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Spiritual Life Pesach 2020

(To be published in this week’s Ilford Recorder in a slightly different form, without names)

Two Shabbatot ago, Ron Kennard, a long-time member of Bet Tikvah, died of Covid19. How sad that at his funeral, there were only two people, Rabbi Richard and my friend in his coffin. Even sadder that Ron’s two children were not permitted to be present at the cemetery. But saddest of all that they were not with their father in hospital to say their last goodbyes. Yet Jonathan and Judy were far from alone. Internet technology allowed us to broadcast his funeral to around 150 invisible, silent and compassionate watchers, surrounding us like a host of angels.

This Thursday is the first day of Passover. Normally, such a joyful and social family festival. How sad that this year there will be only two people at our Passover meal – myself and my wife. Yet we will not be alone. Again, the magical new technology will allow us to share the ritual meal with our family, invisible presences, like angels at our table.

As part of the ritual meal, Jewish people recount the Ten Plagues that the Almighty visited upon Egypt. As each plague is named, a drop of red wine is spilled onto the white tablecloth, bringing to mind the suffering of the mostly blameless Egyptians.

Disease epidemics infecting whole populations have featured regularly, throughout human history. Political and religious leaders, nurses and doctors do what they can, but without a simple cure, our lives hang in the balance; our futures lie in God’s hands.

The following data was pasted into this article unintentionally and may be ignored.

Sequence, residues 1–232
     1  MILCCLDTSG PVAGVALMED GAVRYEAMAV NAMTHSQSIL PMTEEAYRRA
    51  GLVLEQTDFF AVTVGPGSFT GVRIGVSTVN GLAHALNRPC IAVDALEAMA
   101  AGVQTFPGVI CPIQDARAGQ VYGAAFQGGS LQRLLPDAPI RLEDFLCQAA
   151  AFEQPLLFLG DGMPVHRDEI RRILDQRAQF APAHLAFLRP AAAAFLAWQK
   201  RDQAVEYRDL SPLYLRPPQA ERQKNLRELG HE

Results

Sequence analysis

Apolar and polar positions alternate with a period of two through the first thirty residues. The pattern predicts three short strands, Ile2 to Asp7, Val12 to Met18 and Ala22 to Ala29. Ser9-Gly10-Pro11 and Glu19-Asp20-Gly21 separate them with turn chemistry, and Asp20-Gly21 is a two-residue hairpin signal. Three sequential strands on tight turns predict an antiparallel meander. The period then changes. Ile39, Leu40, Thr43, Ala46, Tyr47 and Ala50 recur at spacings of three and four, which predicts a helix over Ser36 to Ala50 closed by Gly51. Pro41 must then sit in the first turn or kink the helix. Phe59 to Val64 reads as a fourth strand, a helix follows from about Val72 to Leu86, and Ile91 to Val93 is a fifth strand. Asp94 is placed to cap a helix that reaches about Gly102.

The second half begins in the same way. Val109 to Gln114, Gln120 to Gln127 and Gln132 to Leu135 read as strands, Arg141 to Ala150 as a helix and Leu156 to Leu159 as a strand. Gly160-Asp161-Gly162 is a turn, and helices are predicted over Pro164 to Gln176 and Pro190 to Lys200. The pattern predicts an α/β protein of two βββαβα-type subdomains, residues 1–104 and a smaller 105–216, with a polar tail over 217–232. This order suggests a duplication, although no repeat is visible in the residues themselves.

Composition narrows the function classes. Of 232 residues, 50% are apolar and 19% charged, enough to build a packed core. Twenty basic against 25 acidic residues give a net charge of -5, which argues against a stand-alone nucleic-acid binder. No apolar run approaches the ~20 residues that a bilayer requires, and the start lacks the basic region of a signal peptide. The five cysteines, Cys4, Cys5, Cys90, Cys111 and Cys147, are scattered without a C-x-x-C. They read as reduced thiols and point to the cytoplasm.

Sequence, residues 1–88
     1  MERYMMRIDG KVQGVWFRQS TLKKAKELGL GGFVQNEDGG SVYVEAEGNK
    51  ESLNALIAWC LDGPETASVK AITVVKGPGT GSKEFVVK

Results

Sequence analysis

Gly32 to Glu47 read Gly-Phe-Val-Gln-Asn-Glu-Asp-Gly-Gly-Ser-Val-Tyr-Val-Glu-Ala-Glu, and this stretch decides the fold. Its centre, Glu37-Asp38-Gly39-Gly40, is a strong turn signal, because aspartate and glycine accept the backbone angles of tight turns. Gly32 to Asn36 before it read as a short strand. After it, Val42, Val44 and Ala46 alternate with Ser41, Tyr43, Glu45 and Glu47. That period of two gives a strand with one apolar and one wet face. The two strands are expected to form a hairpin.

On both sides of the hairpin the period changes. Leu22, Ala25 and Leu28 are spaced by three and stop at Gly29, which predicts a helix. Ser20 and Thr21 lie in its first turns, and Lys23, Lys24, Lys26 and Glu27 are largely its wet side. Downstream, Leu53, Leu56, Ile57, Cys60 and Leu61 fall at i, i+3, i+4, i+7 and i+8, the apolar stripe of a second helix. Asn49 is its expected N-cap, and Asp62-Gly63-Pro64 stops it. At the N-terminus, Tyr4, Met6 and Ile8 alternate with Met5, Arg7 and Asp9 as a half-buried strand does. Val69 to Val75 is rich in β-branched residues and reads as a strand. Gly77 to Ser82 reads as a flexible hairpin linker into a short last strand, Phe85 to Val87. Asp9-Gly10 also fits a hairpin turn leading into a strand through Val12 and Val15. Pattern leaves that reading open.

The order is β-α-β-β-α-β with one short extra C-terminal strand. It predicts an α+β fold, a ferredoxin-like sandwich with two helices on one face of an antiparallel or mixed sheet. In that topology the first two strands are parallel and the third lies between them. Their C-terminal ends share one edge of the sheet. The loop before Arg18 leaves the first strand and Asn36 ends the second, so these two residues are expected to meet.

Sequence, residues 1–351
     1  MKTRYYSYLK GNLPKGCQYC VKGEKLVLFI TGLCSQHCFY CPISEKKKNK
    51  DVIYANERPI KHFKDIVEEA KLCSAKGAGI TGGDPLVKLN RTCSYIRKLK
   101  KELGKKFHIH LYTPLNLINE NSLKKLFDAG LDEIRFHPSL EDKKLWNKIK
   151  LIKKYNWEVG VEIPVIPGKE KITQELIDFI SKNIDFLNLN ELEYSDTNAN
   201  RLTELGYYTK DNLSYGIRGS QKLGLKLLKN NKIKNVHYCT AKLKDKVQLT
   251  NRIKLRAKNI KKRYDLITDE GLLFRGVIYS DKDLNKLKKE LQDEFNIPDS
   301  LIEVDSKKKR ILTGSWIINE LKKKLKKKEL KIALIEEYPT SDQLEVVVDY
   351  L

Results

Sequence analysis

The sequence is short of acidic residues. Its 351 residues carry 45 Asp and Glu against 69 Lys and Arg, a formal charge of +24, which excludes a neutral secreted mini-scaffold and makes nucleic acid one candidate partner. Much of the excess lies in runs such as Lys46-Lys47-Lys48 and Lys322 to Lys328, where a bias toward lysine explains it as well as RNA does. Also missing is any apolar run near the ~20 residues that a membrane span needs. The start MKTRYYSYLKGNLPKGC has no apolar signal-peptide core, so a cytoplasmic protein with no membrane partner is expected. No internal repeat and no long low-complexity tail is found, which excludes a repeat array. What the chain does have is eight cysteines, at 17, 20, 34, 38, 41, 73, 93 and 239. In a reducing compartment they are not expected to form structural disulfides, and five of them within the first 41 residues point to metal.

Nearly 3,000 years ago, King David expressed his own private prayer for healing in Psalm 39. If you wish, you might read and pray this moving Psalm yourself:

“Tell me, O Lord, what my term is, what is the measure of my days; I would know how fleeting my life is.
You have made my life just handbreadths long; its span is as nothing in Your sight; no man endures any longer than a breath.
Man walks about as a mere shadow; mere futility is his hustle and bustle, amassing and not knowing who will gather in.
What, then, can I count on, O Lord? In You my hope lies.
Take away Your plague from me; I perish from Your blows.
You chastise a man in punishment for his sin, consuming like a clothes-moth all that he treasures. No man is more than a breath.
Hear my prayer, O LORD; give ear to my cry; do not disregard my tears; for like all my forebears I am a temporary resident; my permanent home lies with You.
Look away from me, that I may recover, before I pass away and am gone.”

Emeritus Rabbi David Hulbert

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